Starting Jan. 1, YouTube started treating content aimed at children differently from everything else uploaded to the world’s biggest video site.

The changes are supposed to make YouTube a safer place for kids. The big problem is, nobody is sure what “child-directed content” means exactly, and producers and creators are worried they could be socked with thousands of dollars of fines or other penalties depending on how the rules are interpreted. Other observers warn that the rules will have a chilling effect on YouTube content for tykes — and even videos aimed at older audiences, if they’re popular with kids. Here’s an explainer of the situation.

What are the changes?

Beginning in January 2020, YouTube will dramatically curtail the data it collects for videos marked as “made for kids.” That will disable numerous features — including the ability to serve targeted advertising on those videos. Other features that depend on user data will be disabled, including comments, channel notifications and “save to playlist” and “watch later” tools. YouTube also will exclude videos tagged as made for kids from search results.

Why is YouTube doing this?

The changes stem from Google’s deal with the Federal Trade Commission and the New York attorney general to settle allegations that YouTube violated the U.S. Children’s Online Privacy Protection Act. The law bars internet companies from collecting data from kids under 13 — something to which YouTube turned a blind eye for years, critics charged. Google also paid a $170 million fine under the settlement.

What does this mean for creators?

YouTube is forcing all creators, regardless of location and whether or not they actually produce content intended for children, to designate whether their videos (or their entire channels) are made for kids. YouTube says it is using artificial-intelligence algorithms to check whether creators have correctly labeled their content and that it might override those settings “in cases of error or abuse.”

What are the potential penalties?

YouTube is putting the burden of complying with COPPA on creators. If the FTC determines a channel has violated the law (by mislabeling its YouTube content), civil penalties of up to $42,530 per violation are allowed, although the agency says it “considers a number of factors in determining the appropriate amount.” In addition, YouTube says it may take “action” against violators, including account termination.

What will be the impact on content producers?

YouTube’s new COPPA-compliance rules have led some creators – fearful of potential fines and projecting massive advertising-revenue losses — to shut down. Socratica Kids, a small channel that produces educational science videos, in November announced that it was ceasing operations because it would lose upwards of 95% of its ad income under the new YouTube rules. “The most plausible scenario is you’re going to see tens of thousands of YouTube creators just go away,” says Jim Dunstan, general counsel at technology policy think tank TechFreedom.

What about big media companies that produce kids’ content?

The likes of Disney and ViacomCBS have armies of lawyers to navigate YouTube’s new requirements. But even for them, Dunstan says, there are gray areas in terms of whether content is or isn’t child-directed under the FTC’s definition: “It’s all going to be in hindsight what some bureaucrat decides.”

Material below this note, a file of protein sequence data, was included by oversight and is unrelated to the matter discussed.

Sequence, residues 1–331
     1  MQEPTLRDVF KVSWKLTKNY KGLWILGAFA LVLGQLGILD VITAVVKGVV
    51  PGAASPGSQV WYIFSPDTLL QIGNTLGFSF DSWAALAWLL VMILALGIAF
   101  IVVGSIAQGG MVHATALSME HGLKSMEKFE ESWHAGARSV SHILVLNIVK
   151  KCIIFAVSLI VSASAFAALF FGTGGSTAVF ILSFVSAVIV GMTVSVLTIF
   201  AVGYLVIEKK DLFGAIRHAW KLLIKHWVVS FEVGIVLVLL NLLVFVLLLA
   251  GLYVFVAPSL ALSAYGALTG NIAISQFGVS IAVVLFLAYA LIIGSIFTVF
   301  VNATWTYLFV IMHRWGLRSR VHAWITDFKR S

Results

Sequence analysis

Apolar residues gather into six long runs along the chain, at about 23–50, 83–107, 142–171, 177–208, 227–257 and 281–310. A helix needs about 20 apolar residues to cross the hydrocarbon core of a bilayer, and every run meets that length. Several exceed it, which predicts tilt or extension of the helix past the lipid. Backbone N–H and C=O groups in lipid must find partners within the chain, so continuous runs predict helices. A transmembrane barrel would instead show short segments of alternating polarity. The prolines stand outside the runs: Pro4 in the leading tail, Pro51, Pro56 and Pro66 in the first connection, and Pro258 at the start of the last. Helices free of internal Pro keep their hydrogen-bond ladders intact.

Some producers are avoiding projects that could be seen as attracting an under-13 crowd. New York-based digital media firm Believe Entertainment recently inked a deal with ex-Nickelodeon exec Keith Dawkins to develop children’s programming. Dan Goodman, one of Believe’s co-founders, says that because of the YouTube rules, the studio for now is focusing on “stuff that’s more tween-oriented and older” because “you don’t want it to be misinterpreted.”

What’s the reason for the uncertainty?

The FTC provides only general rules of thumb about whether content is “directed to children” and thus subject to COPPA. The criteria can include the use of animated characters or “child-oriented activities and incentives” or the ages of people in the video. Many, including Google, feel the guidance is inadequate. In a Dec. 9 filing, the company said that “the current ambiguity of the COPPA Rule makes it difficult for companies to feel confident that they have implemented COPPA correctly.” Google specifically called on the FTC to spell out lines of demarcation for content aimed at general audiences, mixed audiences and children, as well as codifying exceptions for educational content providers.

How should creators proceed at this point?

YouTube has advised creators to consult with a lawyer if they have questions about COPPA compliance. However, even attorneys who have worked in the area for years say it’s not a clear-cut process. “I’m relatively experienced, but it’s still a judgment call — it’s highly subjective and could go either way,” says Michelle Cohen, a partner at Ifrah Law who chairs the firm’s data privacy and cybersecurity practice. In terms of designating whether videos are for under-13 kids or not, she says, “I would definitely keep records, to make a paper trail to say things like ‘My videos use vocabulary at a higher level’ or ‘They don’t use music for young kids.’”

Amid gloom-and-doom predictions, not everyone in the kids’ content space foresees YouTube’s new rules derailing their businesses. Pocket.watch, a digital studio that focuses on children 2-11 and works with YouTube creators including top kids’ channel Ryan’s World, will not see big drops in revenue because the company is not solely dependent on ad sales and can sell context-based spots, says founder-CEO Chris M. Williams. “We will not have a crisis of audience,” he adds. “It’s not like kids will up and leave YouTube.”

Pictured above: Ryan Kaji from YouTube channel Ryan’s World